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Citigroup is finally be shutting down its ‘bad bank’ — 8 years after the financial crisis

When Citigroup reported earnings on Wednesday, it announced a major milestone that its investors should cheer. The New York-based bank said that the fourth quarter of 2016 was the last time it’d separate the results from its Citi Holdings subsidiary, which was created in the wake of the financial crisis to house the bank’s toxic and noncore assets.

More than any other major bank, Citigroup found itself in the crosshairs during the crisis eight years ago. Its decision to double down on subprime mortgages on the eve of the downturn led to a $17 billion loss in the fourth quarter of 2008 alone. It followed that up with a nearly $8 billion quarterly loss a year later.

To survive, Citigroup received tens of billions of dollars’ worth of capital from the federal government, which it later had to repay by issuing new common stock and thereby diluting longtime shareholders. The net result was that, even today, its shares are down more than 90% from their pre-crisis high.

One of Citigroup’s strategies to stem the flow of losses was to quarantine the responsible assets and operations in a separate subsidiary, Citi Holdings, which it created in the second quarter of 2009. “Citicorp is our core franchise and will be the source of Citi’s long term profitability and growth,”  explained former-CEO Vikram Pandit at the time. “We will manage our businesses and assets in Citi Holdings to optimize their value over time.”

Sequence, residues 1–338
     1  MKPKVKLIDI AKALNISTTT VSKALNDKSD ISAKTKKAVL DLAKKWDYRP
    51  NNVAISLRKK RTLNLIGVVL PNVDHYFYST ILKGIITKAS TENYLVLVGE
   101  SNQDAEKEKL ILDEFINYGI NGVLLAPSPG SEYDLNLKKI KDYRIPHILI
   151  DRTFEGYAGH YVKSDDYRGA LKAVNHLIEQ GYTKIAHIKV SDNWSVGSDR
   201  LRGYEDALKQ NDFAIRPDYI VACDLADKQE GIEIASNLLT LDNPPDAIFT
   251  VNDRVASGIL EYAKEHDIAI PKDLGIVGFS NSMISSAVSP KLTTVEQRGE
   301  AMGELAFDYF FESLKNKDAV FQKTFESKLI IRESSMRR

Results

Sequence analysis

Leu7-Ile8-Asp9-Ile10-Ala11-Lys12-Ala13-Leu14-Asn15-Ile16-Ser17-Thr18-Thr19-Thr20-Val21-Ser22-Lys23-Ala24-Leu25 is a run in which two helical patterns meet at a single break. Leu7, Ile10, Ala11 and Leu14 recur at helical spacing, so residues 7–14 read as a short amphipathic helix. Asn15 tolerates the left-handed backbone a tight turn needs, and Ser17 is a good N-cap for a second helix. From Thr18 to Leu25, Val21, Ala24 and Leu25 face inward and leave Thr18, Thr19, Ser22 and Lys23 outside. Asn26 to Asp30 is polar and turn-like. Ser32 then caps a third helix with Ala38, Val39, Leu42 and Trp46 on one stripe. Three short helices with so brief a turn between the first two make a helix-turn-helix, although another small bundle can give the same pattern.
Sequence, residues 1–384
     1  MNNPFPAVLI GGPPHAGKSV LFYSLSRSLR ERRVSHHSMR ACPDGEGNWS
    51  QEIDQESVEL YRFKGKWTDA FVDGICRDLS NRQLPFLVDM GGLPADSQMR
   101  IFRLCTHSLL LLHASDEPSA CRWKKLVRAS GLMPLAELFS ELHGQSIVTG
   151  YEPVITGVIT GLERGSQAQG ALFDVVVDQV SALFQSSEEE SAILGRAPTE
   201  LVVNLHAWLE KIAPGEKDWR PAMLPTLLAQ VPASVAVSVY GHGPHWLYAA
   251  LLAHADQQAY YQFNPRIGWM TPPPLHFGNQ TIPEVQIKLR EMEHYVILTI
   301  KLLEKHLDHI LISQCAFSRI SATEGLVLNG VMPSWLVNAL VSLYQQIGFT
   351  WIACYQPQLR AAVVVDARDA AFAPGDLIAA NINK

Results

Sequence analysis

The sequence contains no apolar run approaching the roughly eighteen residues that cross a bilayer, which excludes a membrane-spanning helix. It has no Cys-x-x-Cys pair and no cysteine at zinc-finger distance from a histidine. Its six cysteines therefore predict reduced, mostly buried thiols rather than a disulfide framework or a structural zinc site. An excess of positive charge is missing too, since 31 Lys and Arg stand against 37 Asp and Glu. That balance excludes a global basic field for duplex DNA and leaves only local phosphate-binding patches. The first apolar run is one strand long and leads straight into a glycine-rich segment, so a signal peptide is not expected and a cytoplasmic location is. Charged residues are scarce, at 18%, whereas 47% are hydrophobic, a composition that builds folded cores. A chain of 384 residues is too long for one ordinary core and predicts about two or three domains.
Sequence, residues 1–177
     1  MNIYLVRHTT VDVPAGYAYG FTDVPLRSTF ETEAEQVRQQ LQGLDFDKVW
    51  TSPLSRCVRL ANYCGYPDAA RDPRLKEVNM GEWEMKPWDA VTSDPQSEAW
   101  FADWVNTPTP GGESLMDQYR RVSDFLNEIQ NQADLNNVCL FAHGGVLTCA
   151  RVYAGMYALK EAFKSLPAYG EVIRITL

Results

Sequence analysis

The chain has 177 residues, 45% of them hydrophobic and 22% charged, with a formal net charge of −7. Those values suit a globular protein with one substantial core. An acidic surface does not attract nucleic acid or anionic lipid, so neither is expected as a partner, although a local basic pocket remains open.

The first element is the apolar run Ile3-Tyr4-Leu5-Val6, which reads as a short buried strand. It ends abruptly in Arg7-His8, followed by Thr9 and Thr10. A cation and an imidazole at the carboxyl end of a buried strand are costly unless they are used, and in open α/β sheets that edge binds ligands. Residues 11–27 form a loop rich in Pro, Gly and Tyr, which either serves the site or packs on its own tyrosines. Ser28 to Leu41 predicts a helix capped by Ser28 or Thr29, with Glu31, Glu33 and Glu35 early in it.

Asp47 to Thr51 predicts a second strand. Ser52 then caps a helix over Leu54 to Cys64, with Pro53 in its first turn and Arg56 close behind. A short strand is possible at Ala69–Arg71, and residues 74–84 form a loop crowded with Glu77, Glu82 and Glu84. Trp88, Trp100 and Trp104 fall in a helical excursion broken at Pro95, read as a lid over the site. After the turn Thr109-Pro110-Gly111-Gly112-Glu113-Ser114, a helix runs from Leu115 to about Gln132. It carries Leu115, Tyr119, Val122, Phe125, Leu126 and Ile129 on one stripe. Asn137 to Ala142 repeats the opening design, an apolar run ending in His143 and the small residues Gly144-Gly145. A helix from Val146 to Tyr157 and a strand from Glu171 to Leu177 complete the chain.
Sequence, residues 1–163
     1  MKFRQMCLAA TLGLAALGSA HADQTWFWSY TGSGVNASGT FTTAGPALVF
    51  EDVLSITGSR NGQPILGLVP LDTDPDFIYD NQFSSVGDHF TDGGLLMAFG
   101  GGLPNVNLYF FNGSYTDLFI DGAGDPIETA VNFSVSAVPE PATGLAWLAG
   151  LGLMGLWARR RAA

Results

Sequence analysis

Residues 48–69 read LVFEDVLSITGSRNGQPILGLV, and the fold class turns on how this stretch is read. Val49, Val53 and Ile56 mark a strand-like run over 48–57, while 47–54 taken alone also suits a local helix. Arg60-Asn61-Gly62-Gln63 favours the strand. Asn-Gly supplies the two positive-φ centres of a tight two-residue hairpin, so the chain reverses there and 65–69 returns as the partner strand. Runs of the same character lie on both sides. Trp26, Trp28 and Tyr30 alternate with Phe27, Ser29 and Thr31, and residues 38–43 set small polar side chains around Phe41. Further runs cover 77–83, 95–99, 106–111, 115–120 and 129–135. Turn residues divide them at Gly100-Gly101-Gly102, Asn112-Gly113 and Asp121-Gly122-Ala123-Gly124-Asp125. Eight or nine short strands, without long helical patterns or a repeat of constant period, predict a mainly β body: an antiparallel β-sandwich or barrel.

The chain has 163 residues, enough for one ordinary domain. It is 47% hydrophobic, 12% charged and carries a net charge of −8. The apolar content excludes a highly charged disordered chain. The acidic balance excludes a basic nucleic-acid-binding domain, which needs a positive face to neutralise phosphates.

At its peak, Citi Holdings administered more than $800 billion worth of assets. Considered on its own, that would make Citi Holdings the fifth largest bank in the country both now and when it was created.

Fast-forward to today, and Citigroup has whittled down the assets in Citi Holdings to $54 billion, which equates to only 3% of Citigroup’s balance sheet. Just as importantly, as Citigroup’s current CEO Michael Corbat observed in prepared remarks released Wednesday, the unit has been profitable for 10 quarters in a row.

Citigroup’s decision to shutter Citi Holdings follows on the heels of Bank of America, which responded to the crisis in a similar way. Not long after Citigroup’s decision to bifurcate its operations into good and bad banks, the North Carolina-based bank created its Legacy Assets and Servicing division to serve the same role as Citi Holdings.